It's time to: April
Summer bulbs have finished, so tidy up old leaves and remove seed heads. Dig up and divide summer perennials such as shasta daisies and perennial phlox. Discard tired old parts of the plant and replant the vigorous new plants from the outside of the clump.
If your front garden is looking colourless, plant a patch of annuals now for winter colour. Pansies, cinerarias and snapdragons are easy to grow and make a good impact. Dig in plenty of manure or compost before planting. For more inspiration, check out our feature on front gardens on page 51 and join in our program to make 2011 the Year of Welcome Home!
Start planting winter vegetables such as peas and broad beans, cabbage and silverbeet. Beetroot and carrot seeds are available in convenient seed tape to reduce the need for thinning. Protect young plants from snails and slugs. A saucer of beer is a remarkably good way of trapping these troublesome pests.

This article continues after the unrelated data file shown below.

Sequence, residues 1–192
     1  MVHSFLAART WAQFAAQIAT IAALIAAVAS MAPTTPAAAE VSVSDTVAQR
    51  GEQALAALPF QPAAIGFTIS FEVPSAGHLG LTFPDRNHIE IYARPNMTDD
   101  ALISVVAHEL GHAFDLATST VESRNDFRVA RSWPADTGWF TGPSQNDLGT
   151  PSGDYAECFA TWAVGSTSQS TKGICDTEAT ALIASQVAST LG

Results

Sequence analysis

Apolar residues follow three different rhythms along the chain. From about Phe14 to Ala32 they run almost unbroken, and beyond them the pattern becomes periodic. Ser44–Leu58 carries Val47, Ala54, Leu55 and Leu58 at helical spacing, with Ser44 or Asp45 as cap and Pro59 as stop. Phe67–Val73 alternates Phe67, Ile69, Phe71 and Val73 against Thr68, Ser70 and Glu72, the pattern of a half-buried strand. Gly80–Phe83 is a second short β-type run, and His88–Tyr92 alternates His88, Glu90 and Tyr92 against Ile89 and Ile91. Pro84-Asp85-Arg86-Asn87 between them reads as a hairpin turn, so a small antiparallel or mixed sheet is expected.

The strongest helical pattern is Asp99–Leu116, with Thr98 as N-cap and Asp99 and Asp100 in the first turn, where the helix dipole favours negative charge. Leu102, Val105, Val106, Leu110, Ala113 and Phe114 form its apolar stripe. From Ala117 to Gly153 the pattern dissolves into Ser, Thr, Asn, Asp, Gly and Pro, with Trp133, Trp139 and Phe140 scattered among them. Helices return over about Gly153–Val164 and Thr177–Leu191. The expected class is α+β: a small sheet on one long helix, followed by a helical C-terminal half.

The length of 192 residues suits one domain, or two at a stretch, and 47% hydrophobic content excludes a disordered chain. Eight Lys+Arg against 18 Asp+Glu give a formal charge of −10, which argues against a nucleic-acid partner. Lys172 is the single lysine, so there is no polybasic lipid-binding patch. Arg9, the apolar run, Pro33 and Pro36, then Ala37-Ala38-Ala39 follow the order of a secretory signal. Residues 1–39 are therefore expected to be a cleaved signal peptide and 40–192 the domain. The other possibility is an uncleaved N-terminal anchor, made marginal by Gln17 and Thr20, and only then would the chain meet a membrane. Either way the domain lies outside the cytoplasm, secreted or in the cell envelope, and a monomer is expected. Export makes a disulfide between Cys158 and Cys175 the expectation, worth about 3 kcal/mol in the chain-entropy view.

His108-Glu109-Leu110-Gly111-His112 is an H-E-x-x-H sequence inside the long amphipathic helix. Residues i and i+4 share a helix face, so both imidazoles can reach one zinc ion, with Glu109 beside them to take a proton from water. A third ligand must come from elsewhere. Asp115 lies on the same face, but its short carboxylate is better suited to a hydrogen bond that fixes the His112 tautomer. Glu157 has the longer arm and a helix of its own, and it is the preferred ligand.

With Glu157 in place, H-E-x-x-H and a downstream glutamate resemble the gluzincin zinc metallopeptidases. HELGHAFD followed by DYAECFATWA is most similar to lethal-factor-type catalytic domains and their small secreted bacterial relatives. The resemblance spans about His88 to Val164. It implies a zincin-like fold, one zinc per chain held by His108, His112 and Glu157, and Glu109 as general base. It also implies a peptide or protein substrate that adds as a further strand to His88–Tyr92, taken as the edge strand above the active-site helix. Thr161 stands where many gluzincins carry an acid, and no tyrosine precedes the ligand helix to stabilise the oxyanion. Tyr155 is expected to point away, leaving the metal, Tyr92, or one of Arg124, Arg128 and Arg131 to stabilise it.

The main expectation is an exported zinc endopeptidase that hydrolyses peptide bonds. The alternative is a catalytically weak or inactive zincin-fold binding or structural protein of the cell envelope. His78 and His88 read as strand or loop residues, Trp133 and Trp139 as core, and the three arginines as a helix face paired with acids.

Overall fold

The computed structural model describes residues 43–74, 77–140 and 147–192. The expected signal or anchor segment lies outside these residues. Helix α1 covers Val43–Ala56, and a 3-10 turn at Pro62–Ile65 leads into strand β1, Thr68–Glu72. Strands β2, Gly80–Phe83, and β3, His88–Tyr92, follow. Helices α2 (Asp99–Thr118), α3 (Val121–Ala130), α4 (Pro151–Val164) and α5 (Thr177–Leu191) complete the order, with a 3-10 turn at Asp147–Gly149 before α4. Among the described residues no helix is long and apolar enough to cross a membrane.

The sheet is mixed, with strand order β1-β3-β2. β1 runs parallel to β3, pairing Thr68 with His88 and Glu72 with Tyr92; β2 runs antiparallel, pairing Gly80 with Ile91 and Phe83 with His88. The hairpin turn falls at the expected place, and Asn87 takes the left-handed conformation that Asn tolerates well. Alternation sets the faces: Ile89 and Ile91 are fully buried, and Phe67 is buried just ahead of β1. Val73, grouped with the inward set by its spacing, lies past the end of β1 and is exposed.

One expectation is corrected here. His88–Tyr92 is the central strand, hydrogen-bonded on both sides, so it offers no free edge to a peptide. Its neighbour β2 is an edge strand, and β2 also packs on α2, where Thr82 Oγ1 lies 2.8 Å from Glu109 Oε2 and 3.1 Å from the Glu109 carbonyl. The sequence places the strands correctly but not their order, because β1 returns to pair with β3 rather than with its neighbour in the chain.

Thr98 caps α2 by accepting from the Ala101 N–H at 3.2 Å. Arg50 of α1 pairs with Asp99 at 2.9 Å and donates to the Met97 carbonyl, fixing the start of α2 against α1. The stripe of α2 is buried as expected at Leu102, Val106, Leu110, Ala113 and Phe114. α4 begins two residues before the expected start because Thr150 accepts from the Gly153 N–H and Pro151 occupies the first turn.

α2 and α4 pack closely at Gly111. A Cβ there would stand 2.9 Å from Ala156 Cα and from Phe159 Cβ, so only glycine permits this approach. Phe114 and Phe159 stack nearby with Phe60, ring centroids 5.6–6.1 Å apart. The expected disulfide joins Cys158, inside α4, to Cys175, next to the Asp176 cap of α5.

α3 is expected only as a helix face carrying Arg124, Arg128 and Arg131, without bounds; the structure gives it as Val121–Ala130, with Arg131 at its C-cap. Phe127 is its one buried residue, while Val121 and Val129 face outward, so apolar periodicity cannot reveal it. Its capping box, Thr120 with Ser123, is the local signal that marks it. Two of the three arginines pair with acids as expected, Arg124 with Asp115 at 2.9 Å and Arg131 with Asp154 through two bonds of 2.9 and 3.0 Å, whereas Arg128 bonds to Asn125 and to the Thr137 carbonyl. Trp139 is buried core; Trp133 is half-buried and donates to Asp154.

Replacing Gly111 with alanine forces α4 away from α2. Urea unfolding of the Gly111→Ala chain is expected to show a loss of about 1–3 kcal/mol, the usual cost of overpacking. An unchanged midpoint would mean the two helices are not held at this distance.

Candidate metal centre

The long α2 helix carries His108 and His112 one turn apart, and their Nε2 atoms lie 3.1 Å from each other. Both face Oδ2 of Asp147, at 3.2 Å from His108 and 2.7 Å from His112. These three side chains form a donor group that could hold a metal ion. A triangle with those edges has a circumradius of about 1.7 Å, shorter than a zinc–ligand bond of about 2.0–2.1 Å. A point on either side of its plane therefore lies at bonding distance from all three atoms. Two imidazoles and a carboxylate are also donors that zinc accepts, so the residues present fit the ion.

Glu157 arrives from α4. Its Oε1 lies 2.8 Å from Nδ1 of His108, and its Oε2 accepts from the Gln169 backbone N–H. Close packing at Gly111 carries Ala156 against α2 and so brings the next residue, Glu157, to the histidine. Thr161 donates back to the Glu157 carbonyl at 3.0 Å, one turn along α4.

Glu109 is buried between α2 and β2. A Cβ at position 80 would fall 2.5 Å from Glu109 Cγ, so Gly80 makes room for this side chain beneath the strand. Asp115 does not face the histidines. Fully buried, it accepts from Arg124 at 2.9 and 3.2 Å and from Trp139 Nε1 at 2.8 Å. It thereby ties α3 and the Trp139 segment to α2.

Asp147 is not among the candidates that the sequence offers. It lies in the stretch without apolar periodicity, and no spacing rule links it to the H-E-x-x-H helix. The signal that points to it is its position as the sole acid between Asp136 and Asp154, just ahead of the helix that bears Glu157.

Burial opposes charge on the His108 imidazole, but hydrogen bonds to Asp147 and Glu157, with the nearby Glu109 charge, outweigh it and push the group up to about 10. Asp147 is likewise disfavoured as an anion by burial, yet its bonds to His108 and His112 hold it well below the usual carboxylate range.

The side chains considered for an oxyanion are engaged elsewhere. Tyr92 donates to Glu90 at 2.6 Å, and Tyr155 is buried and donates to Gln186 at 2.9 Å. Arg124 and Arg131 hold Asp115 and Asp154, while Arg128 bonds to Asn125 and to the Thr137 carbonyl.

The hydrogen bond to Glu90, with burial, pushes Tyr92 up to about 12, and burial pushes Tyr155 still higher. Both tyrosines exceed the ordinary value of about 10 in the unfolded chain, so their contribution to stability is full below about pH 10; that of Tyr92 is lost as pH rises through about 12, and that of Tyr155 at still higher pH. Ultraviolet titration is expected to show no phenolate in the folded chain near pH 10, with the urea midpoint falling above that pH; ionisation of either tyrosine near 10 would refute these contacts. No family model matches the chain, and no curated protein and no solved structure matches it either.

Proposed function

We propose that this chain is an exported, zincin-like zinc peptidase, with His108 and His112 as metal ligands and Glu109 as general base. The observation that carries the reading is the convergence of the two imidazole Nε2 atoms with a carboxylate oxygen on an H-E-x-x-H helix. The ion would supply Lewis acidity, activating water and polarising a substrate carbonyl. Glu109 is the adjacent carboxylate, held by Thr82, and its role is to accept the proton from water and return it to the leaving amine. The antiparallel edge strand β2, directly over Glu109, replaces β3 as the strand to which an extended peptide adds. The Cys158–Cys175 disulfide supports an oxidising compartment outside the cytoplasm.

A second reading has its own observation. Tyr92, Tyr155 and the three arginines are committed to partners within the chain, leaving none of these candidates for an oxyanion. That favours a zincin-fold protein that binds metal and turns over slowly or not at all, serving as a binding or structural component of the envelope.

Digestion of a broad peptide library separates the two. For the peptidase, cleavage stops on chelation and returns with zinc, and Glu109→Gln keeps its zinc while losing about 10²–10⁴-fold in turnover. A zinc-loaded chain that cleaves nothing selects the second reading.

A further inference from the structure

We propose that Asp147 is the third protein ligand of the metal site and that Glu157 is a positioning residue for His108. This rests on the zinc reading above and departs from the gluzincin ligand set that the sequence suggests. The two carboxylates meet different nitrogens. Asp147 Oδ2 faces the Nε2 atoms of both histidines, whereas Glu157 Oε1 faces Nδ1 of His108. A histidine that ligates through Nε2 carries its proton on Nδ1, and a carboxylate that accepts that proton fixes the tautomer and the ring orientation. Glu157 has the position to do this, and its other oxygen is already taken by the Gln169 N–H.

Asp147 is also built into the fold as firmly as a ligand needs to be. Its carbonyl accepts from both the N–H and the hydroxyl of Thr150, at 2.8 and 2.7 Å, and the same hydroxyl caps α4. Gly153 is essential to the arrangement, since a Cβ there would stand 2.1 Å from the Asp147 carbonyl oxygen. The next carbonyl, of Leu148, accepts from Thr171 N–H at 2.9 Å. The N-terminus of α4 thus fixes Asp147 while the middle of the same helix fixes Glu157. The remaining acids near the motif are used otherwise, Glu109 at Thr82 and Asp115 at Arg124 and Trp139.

Keep up the grooming. Gardens in cool climates are thinking of packing up for winter, but a bit of dead-heading and judicious cutting back can delay the perception of decay.
Get bulbs in the ground. Alternatively, pot them: a dozen tulips in a pot makes triple the impact of the same number of bulbs in the ground.
Sow cool-climate herbs like chervil and coriander. They show far less tendency to bolt at this time of year, and can last several months in the garden, compared to only weeks during warmer weather.
When you have an hour
Go shopping at your local nursery for new or quirky pots to refresh your display. Repot with fresh, top quality potting mix.
When you have 10 minutes
Browse catalogues to colour co-ordinate sweet peas with your climbing roses. Burgundy and purple Lathyrus ‘Matucana’ would make a rich combination with red ‘Pierre de Ronsard’; Lathyrus ‘Shades of Blue’ would contrast well with a yellow rose such as ‘Gold Bunny’. Both these varieties of sweet pea are available from www.diggers.com.au Sow sweet peas now for a beautiful spring display.